Sam, Toronto

Gordon Lightfoot Records

Whenever I’m at a flea-market or garage sale, after sizing up the tattered sports equipment, I go directly to the milk crates full of musty old records. Flipping through the inevitable Perry Cuomo, Bee Gees and big band era compilations, I look for missing pieces of my Gordon Lightfoot collection.

Gordo on vinyl is a special thing. Visually, there are the faded album covers, in earthy tones, always showing the artist’s distinguished but increasingly withered face. Clean shaven and eager in the ‘60s, rugged and weary in the ‘70s, then a little gaunt. Collar sizes rising and falling, hair thinning and flattening out. The covers’ cardboard edges are often cracked so the records, in their yellowing, brittle sleeves, poke through.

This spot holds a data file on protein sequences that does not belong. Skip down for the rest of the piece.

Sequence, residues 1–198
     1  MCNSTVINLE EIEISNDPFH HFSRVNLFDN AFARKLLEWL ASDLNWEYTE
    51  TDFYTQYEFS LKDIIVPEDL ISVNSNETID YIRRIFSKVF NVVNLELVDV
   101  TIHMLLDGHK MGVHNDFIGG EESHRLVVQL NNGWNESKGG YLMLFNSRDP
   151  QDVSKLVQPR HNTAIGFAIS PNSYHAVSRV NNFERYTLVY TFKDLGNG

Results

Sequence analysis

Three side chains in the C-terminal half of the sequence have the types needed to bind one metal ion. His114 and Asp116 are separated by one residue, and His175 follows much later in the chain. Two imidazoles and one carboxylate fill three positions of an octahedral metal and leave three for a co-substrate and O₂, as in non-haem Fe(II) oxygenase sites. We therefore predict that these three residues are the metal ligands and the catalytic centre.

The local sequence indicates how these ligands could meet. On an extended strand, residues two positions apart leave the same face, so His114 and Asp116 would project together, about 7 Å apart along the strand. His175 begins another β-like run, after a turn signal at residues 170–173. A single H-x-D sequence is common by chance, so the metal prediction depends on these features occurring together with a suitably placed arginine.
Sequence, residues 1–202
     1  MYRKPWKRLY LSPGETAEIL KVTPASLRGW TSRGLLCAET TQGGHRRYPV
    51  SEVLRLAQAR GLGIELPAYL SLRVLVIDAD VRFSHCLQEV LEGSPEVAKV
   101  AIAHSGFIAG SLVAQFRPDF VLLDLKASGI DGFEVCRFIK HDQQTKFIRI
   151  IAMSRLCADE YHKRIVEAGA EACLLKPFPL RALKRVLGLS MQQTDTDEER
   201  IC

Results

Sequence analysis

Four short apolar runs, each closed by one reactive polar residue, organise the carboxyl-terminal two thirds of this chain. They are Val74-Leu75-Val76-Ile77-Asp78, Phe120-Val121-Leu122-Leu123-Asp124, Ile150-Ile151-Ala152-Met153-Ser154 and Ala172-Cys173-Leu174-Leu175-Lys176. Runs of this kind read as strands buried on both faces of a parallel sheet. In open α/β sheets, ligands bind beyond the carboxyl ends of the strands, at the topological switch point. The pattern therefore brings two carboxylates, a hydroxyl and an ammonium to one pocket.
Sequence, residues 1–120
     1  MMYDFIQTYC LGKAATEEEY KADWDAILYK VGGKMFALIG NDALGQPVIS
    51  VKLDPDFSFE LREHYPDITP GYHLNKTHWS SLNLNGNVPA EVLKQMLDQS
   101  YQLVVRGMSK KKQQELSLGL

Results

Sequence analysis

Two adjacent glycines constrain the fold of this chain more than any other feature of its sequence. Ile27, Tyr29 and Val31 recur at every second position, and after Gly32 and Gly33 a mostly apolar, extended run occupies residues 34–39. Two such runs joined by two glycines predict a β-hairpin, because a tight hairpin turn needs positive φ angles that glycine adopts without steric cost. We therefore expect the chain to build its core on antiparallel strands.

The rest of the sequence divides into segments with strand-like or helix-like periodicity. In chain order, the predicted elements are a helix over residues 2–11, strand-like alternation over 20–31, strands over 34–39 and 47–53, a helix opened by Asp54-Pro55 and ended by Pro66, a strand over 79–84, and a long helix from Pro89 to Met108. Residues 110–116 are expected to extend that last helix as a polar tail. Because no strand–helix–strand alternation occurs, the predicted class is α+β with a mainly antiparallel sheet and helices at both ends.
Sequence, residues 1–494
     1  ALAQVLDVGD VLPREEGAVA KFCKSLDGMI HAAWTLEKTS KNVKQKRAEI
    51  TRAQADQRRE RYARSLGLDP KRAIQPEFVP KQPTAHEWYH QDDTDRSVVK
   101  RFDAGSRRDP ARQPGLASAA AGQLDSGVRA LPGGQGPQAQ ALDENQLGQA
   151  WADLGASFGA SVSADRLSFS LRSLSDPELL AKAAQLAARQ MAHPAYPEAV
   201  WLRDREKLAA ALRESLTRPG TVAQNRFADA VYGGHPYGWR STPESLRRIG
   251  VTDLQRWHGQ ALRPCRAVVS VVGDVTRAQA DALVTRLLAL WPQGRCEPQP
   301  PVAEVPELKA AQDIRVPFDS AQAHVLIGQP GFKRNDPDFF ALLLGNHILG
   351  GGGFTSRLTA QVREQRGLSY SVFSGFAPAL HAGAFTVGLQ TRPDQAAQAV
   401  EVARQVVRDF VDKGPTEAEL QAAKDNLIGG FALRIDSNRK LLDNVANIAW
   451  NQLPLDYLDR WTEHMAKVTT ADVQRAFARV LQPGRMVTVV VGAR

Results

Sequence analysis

Blow some dust off the vinyl but when you put the needle down it should still crackle before one of Gordo’s jangling twelve-string guitar intros cuts in. The static is a kind of echo of the past – the grime and wear of previous listens, previous owners. And you briefly wonder about the bellbottomed, sandal-clad teenager who likely bought the record new.

I guess Lightfoot is of an era but to me the songs still sound immediate and relevant. Their subjects taken from nature, history and the triumphs and struggles of daily life. The changing contexts of my own life cast new meanings on the words and stories. The melodies take on new associations. The songs seem to constantly renew like the seasons Lightfoot so often sings about. So I return to them. The record’s form underscores this cyclicality.

Gordon Lightfoot records suit any season, by maybe especially the fall, when evening sets in early, leafless branches make their clipped sounds outside, and the record’s warm, rounded analogue tones take the edge off the chill.

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